The University of Texas-Austin Victory is a Win for Diversity

UTA

UTA

Whether the 2-to-1 ruling from the Fifth Circuit Court of Appeals in New Orleans decision to allow the University of Texas-Austin to use race in college admissions to achieve diversity will have an impact on other higher education institutions is not known. Judge Patrick Higginbotham wrote. “It is equally settled that universities may use race as part of a holistic admissions program where it cannot otherwise achieve diversity.”

The decision is the result of a lawsuit filed by Abigail Fisher, a white Texan who sued the university after she was denied admission in 2008. Last June, the U.S. Supreme Court said the federal appeals court should take another look at case. After the Supreme Court ruling, there was speculation that use of race in admissions policy at the University of Texas might be stuck down. Instead the Appeal Court upheld the decision. The University of Texas “10 percent” admissions rule states that Texas students who graduate in the top 10 percent of their high school classes can earn automatic admission. For the other 90 percent there is a combination of factors in the evaluation process and race can be one of them.

University President Bill Powers said in a statement, “We remain committed to assembling a student body at the University of Texas at Austin that brings with it the educational benefits of diversity while respecting the rights of all students. This ruling ensures that our campus, our state and the entire nation will benefit from the exchange of ideas and thoughts that happens when students who are diverse in all regards come together in the classroom, at campus events and in all aspects of campus life.”

This decision might provide a moment of comfort for colleges and universities that use race as one factor or criteria for admission but the moral obligation to admit diverse students in academic institutions will not likely be won, if it has to battled in court from state-to-state.

Let’s Stand With Jada

A recent national survey from more than 300 colleges and universities reflect serious problems in responses to student reports of sexual violence. It also indicates that colleges and universities across the nation are violating federal law by failing to investigate sexual assaults on campus.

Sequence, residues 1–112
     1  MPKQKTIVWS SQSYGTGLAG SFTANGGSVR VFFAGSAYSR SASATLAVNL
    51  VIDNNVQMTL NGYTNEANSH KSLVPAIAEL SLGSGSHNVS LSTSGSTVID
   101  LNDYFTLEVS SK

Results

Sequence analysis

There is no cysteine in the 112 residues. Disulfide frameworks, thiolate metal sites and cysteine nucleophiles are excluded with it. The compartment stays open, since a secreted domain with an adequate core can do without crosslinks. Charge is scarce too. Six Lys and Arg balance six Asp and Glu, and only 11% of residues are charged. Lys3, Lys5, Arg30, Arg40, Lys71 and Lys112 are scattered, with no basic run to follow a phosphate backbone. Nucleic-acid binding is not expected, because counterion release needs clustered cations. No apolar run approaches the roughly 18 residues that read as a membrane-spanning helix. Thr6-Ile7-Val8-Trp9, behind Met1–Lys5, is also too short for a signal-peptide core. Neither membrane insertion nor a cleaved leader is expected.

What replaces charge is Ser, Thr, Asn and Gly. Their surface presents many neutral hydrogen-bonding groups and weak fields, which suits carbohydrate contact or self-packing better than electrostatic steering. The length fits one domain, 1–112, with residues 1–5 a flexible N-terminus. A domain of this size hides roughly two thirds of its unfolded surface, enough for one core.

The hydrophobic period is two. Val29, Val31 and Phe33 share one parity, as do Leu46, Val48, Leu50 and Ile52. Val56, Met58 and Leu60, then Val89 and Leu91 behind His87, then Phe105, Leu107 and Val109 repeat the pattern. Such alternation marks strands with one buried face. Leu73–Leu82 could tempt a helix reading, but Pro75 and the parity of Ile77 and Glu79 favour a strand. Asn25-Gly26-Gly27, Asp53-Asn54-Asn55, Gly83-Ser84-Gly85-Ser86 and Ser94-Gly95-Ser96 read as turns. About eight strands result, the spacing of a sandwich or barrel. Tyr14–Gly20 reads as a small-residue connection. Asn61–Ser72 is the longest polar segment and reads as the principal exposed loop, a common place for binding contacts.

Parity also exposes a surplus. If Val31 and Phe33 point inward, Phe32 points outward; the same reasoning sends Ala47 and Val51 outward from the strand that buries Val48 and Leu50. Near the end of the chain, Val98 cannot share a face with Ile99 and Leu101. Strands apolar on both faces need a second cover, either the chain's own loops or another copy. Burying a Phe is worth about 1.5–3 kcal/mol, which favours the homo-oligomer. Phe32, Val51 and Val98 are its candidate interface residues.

Claire McCaskill (D-Mo.) plans to use the findings for legislation that she is writing with bipartisan support that includes Democratic Sen. Kirsten Gillibrand (N.Y.) and Republican Sen. Marco Rubio (Fla.). The bill is scheduled to be released this fall when students return to campuses. Schools are required by law to investigate when they ARE  made aware of a sex crime on campus. But more than 21% of “the nation’s largest private institutions” surveyed conducted fewer investigations than they reported to the Department of Education.

It is good that sexual assaults and the reporting of those assaults is now being addressed by higher education and by government. It is critical that the safety and protection of girls be taken seriously no matter what academic stage they are in. Which brings us to the rape of 16-year oljadad girl last week in Houston. Jada is the teenager who attended a house party with a friend who knew the host her rape was recorded and shared on social media. Once the video started to circulate online and her friends began to call her, Jada knew something horrible had happened. The video went viral but that did not shame or stop Jada from telling her story to a local Houston television station. “There’s no point in hiding,” she said. “Everybody has already seen my face and my body, but that’s not what I am and who I am.” Jada was allegedly drugged and passed around by several men who raped her.

One of Jada’s perpetrators mocked her on social media by calling her a snitch and other derogatory phrases, which has encouraged cyber bullying. A disgusting social media trend has users posting photos of themselves bottomless and passed out mocking Jada. Recent reports from the ongoing investigation indicate that there may be other young girls who may have been victims. The police are asking for the publics’ help by asking young girls to call into the station if they see themselves in any videos online.

Jada’s case has gotten some very high profile help from actresses Mia Farrow and Jada Pinkett Smith. Jada Pinkett Smith recently posted on social media,”This could be you, me, or any woman or girl that we know. What do we plan to do about this ugly epidemic? #justiceforjada” Jada Pinkett Smith has also been a vocal public advocate for victims of human trafficking.

There are 237,868 reported rapes every year in America, every two minutes there is a sexual assault, 40% of the victims are under 18 and two-thirds of the attacks are by someone the victim knows. Here is how we can help Jada and every other victim of sexual violence. Acknowledge the facts. Pay attention to the reports of rape. Insist community leaders use the power of their influence to encourage training for schools and colleges and make the process for reporting and investigating sexual assault less traumatizing for the victims. Push police chiefs and law enforcement officials take immediate action to investigate and prosecute those who attack and violate girls and women. But most of all don’t be silent about assault.